I'm watching Friday Night Lights (the series) for the second time with The Bird Photographer. He points out the racial cliches, and I feel defensive until I don't. I don't know why I love this series as it's about two things I hate. Football and Texas. Well, I don't hate Texas, but I do hate football. Unequivocally.
Last night I had a hideous nightmare. I was wearing a football helmet in the dream and my ex-husband had his fingers in it and was about to bite off my tongue. I had to write that out. It helped me. I screamed so loudly that I woke myself up. I was screaming in my dream and in real life. I can't remember when the last time was that I've had such a nightmare. It seems obvious what this dream means, but feel free to give me your best interpretations.
I feel sick for our country and right now, particularly, our beloved west coast. My friends in Oregon and Washington, my god. All up and down we are burning and choking and every single morning the sun comes up baleful and orange. Ash covers everything, and there are a lot of little birds everywhere. I mean a lot. I think they must be from up north. The Bird Photographer said probably when I asked him, so I made a little fountain for them and put out more bird seed. I am hoping that The Tenant's (ask me about The Tenant sometime as it's not a pretty story, not a fairy tale not even a nightmare) cats steer clear. I do not like cats. Sorry.
My friend Ebony (whom I neglected to list up there) texted me an article about a motel in Orlando whose owner has left where the power is out, the garbage is piled up, drugs, rats, children, all the miseries of the world and just down the street from the Disney bubble where basketball players are playing their hearts out in a bubble, their Covid watches blinking, their owners counting cash.
Yesterday I joined a Zoom call with a small group of women (five of us) from around the country. I knew none of them, but now I do. We wrote postcards to swing states, urging people on lists to vote. Dear Janice. Thank you for being a first-time voter. Who you vote for is secret, but your voting record is public information. After the election on Tuesday, November 3rd, local organizations may contact you about your voting record. Thank you! Elizabeth. It was a script, and I thought it sounded a little coercive, not to mention the use of the word who instead of whom, but I dutifully wrote it down because there had been marketing and studies showing that it worked. There are good people all over this country working hard figuring things out. Despite there being only five of us on this Zoom call, I felt cheered. We are doing this. We can do this. We chatted. One of the women is somewhat famous. I told her about my parents, how they came together. What an interesting story! she said. Over one hour, I wrote and addressed and stamped 12 postcards. I ordered 200 and gave some to friends to write. I've got about 60 more to go, and it's pleasant work. Honestly. It seems inane and hopeful.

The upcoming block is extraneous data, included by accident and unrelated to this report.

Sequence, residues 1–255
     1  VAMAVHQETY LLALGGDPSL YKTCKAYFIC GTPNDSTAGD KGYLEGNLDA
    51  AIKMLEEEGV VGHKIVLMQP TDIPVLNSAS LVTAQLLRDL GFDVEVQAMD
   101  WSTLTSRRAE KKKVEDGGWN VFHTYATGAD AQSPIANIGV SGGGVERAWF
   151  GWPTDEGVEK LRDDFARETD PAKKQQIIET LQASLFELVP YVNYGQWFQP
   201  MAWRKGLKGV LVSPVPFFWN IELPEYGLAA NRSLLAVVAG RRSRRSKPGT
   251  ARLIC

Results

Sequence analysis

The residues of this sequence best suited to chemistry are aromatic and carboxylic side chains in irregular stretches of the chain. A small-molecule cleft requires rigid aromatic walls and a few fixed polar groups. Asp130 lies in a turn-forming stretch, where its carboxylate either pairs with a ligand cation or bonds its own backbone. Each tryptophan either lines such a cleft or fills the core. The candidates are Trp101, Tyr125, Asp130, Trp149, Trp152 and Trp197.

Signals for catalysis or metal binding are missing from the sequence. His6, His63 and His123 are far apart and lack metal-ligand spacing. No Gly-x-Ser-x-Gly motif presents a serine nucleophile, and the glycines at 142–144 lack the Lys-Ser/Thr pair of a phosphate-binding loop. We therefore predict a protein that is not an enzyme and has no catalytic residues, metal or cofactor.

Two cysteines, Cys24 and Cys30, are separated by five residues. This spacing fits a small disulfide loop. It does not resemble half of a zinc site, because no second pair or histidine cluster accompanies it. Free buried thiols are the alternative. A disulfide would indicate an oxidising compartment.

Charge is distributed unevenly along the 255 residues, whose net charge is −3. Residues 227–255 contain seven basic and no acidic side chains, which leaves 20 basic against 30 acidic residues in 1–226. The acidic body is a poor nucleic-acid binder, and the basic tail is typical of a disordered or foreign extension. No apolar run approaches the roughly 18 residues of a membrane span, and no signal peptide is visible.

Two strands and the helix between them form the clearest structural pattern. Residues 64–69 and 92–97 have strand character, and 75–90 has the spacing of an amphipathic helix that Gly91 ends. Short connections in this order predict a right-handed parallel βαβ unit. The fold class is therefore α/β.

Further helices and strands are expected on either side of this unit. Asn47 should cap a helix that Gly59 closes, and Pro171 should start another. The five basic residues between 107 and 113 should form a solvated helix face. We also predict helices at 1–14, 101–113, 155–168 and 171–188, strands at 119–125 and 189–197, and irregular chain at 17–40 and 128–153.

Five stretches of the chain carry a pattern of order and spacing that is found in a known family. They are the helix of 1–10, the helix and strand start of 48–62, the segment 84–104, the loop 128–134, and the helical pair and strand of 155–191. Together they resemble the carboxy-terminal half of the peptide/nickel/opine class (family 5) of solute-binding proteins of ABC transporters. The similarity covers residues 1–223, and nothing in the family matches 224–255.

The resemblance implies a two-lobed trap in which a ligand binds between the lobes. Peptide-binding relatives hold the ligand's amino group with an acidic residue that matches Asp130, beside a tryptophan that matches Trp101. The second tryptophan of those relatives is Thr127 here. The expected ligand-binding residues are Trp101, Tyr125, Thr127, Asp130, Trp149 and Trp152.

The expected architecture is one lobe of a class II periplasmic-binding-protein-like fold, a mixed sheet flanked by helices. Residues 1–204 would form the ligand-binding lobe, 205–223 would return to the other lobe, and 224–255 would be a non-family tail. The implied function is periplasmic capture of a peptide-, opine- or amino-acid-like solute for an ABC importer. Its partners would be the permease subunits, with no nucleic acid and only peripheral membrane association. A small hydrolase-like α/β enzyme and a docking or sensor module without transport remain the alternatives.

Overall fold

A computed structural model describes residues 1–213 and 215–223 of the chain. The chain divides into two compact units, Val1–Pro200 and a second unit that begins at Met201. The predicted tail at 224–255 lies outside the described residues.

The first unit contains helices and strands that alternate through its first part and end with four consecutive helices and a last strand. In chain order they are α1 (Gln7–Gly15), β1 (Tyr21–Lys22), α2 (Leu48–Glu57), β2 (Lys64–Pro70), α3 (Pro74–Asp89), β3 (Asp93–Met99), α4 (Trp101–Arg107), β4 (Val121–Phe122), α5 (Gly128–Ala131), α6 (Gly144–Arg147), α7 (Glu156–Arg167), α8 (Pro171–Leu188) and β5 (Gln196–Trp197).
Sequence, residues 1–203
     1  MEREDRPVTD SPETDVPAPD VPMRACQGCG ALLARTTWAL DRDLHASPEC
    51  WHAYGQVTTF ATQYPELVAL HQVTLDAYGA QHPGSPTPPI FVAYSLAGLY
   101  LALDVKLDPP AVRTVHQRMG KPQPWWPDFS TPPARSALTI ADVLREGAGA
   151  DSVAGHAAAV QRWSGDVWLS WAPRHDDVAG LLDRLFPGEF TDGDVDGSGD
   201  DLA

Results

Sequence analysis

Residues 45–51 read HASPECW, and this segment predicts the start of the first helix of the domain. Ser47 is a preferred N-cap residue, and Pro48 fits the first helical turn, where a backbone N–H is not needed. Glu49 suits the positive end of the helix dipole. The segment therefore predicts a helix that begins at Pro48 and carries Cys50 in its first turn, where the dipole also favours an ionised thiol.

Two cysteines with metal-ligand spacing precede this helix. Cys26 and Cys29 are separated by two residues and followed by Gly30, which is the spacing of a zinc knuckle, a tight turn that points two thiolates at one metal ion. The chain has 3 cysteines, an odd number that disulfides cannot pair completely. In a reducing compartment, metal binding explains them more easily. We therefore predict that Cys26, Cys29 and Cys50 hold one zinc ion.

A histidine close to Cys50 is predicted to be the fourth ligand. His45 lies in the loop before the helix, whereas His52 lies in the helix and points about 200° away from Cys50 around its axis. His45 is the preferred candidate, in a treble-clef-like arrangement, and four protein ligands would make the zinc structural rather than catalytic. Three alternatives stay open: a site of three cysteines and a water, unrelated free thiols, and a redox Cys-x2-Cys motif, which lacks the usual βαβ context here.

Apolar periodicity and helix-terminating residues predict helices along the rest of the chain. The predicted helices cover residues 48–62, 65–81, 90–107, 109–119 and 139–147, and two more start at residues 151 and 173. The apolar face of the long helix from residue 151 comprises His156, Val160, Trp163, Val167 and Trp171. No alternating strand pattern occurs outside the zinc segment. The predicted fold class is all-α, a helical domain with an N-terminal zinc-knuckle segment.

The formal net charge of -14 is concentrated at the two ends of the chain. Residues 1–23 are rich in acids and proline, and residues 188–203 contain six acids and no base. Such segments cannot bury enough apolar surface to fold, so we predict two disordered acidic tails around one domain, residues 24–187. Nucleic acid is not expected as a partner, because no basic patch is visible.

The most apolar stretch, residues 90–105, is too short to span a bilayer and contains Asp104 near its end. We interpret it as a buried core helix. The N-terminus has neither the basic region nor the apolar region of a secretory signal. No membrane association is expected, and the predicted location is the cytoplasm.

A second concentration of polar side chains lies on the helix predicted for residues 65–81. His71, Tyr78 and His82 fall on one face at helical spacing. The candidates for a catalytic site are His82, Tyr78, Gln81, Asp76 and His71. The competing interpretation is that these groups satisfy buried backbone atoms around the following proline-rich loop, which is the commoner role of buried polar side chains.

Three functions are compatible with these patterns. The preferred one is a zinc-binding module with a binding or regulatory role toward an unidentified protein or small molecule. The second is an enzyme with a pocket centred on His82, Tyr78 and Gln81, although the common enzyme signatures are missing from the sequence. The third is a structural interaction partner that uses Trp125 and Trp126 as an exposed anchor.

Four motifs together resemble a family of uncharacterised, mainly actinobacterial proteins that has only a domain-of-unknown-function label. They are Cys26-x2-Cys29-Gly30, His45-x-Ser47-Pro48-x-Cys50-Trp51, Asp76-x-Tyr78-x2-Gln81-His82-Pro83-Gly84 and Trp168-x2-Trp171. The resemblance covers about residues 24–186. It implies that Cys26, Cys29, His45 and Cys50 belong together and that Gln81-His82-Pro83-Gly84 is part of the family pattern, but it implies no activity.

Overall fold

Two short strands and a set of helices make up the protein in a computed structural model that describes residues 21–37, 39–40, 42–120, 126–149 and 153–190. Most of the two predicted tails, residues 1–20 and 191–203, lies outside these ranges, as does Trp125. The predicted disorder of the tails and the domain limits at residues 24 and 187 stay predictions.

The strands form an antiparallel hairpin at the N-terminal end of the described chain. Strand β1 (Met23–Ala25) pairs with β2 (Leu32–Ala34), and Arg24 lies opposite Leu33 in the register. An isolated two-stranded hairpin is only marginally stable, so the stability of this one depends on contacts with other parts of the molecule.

Wednesday, September 9, 2020
My kindergarten picture makes me feel an enormous sense of relief. It grounds me. It makes me smile. I'm not the sort of woman who smiles easily, and I've been the sort of woman who, when asked to smile (usually by men), feels but doesn't act (I'm that kind of woman) irritated. That's partly because it's always annoying to be told (by men) to smile (and also to be called, cheerfully, by medical professionals Mom), but also because a serious person generally has a lot of wackadoodle inside herself, no small amount of weird and a predilection for dark humor that those who wish for smiles don't see. At worst, the men who tell me to smile might/would prefer that I not be so serious, that I look pretty or would look pretty when you smile. I was serious at five years old for my very first school picture. I didn't like birthday parties or cartoons, and the show Zoom gave me a headache. I read every single book in the children's section of the library, made my way methodically through even the biographies. I imagined myself a changeling, dropped in the middle of a cheerful family. I grew up in a happy family, but I imagined myself somewhere else, a Jane Eyre, an orphan. Being serious doesn't mean I'm not joyful, though. I know that I was filled with joy that day despite my serious expression. I'm a serious woman who doesn't smile easily but am busy, in there, laughing.
That's all I'll say about that.
I've been thinking a lot lately about my Italian grandmother and my Syrian grandfather. I've been wondering how they'd respond to this weird world, this circus, this Terrible America. They lie on opposite sides of my family tree, my father's mother and my mother's father. I've been thinking about them because of two separate details I remember, that stand out, that define them for me, decades after they died. I feel both of them in my bones. My Nonni wore a black dress and rolled thick stockings with black shoes for as long as I can remember. In her later years, she stayed with my family for a significant part of the summer. She walked around the house with her rosary beads, muttering, Pray that I die, pray that I die. Over and over she prayed that she'd die. She was serious. My Syrian grandfather chain-smoked even after having part of a lung removed. When he got riled up, which was a lot, he yelled the Arabic word for SHIT! which is pronounced Cutta! with a hard back of the throat c. He was serious, too.